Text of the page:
The distinguishing factor of the Cheim collection was his eye for beauty on any scale,” said Kelsey Leonard, head of Sotheby’s contemporary evening auction. According to Leonard, there were seven bidders competing for the prize. “It’s really remarkable, given how so many people have traditionally prioritized the 1950’s and 1960’s” she added. “There was such competitive bidding.”

As the sale of Pastel illustrates, the current market interest isn’t reserved solely for Mitchell’s larger paintings. This 23-by 13-inch work on paper shattered expectations a few times over, more than doubling its high estimate of $350,000. “Date is important and scale is important,” continued Leonard. “But beyond almost anything else, beauty is important.” 

—Annie Armstrong


Scott Kahn, Twilight (1982)

Scott Kahn, <i>Twilight</i> (1982). Courtesy of Christie's Images, Ltd.

Scott Kahn, Twilight (1982). Courtesy of Christie’s Images, Ltd.

Auction: Christie’s Postwar and Contemporary Art day sale, November 10

Estimate: $150,000 to $250,000

Sold for: $819,000

Collectors continue to clamor for Scott Kahn’s dream-like, jewel-toned landscapes depicting solitary figures and objects.

This charming twilight scene, anchored by a little house in the prairie set against a big sky, soared past its presale estimates at Christie’s this month, boosted by “the art market’s hunger for quality Surrealism and Magical Realism,” according to Allison Immergut, a co-head of the auction house’s day sale.

Kahn’s paintings have been particularly popular with Asian collectors, accounting for six of the top 10 prices, according to the Artnet Price Database.

The Long Museum in Shanghai acquired a number of paintings by the septuagenerian artist, whose market acclaim came late in life, and has a scheduled exhibition opening next April. It will be followed by Kahn’s solo show at Almine Rech gallery in Paris in October.

—Katya Kazakina


Claude Monet, Les bords de la Seine près de Vétheuil (1881)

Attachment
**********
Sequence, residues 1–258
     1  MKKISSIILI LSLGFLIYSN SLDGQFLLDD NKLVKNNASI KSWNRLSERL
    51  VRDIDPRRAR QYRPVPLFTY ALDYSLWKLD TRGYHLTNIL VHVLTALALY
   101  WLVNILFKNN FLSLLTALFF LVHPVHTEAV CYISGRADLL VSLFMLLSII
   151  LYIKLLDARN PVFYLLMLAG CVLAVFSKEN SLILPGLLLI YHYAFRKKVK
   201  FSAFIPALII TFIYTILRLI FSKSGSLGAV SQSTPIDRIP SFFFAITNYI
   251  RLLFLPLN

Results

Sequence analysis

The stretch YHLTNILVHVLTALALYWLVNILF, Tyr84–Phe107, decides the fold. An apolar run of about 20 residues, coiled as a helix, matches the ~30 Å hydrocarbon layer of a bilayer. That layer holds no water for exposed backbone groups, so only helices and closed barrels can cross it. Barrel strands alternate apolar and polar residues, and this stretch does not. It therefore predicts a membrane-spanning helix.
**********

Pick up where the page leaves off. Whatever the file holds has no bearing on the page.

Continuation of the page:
Claude Monet, Les bords de la Seine près de Vétheuil (1881). Image courtesy Christie's.

Claude Monet, Les bords de la Seine près de Vétheuil (1881). Image courtesy Christie’s.

Auction: Christie’s Impressionist and modern art day sale, November 11

Estimate: $1.5 million to $2.5 million

Sold for: $3.4 million

This season showed that even in economic uncertainty, the demand for Claude Monet is undented. At Christie’s 20th century evening sale on November 9, a waterlily painting, Le bassin aux nymphéas (ca. 1917–18) sold for $74 million, along with Sandviken, Norvège, effet de neige (1895) for $6.7 million. A scant four nights later, at Sotheby’s November 13 modern art evening sale alone, four works sold for nearly $70 million. That’s a cool $150 million in just two nights. 

The result for this work on paper in the day sale shows the demand for Monet’s landscapes extends to lower price points, as Les cords de la Seine près de Vétheuil (1881), which came on the block at Christie’s day sale on November 11. The work had not been seen in public for nearly a century, according to the house. It belongs to an important series of works depicting the landscape around the village where Monet lived and worked between 1878 and 1881.

The work “exemplifies the artist’s luminous palettes, airy brushwork and atmospheric feel,” said Margaux Morel, Christie’s head of the Impressionist and modern day and works on paper sales. “Beyond its artistic qualities, the present work had remained in the same private family collection for over 60 years, adding to its panache. This incredible result, achieved thanks to international bidding from four separate collectors, demonstrates the demand for Monet artworks of quality, and the strength of the market in this sector as a whole.”

—Eileen Kinsella


Charline von Heyl, Dodo (2005)

Charline von Heyl, Dodo, 2005. Courtesy of Sotheby’s.

Auction: Sotheby’s Contemporary day sale, November 16

Estimate: $150,000 to $200,000

Sold for: $444,500

The thirst for formerly-overlooked female painters continues, as Charline von Heyl’s frenetic canvas Dodo proves, selling for a staggering $444,500—more than doubling the tableau’s high estimate. The artist has seen steady interest in her work this year, as a similar work titled Doublebeast sold for $381,000 at Sotheby’s Contemporary Curated auction this past March, and just last year, her record was set in London for an untitled piece that went for about $598,000, adjusted from pounds.

In tandem with the market, Von Heyl has seen renewed curatorial interest in her work, as just this summer, a piece by von Heyl was curated into Gary Garrels’s smash summer show at Gagosian in London, “To Bend The Ear of the Outer World”, alongside other prominent names in both contemporary and modern abstraction such as Mary Heilmann, Cecily Brown, Gerhard Richter, and Albert Oehlen. 

—Annie Armstrong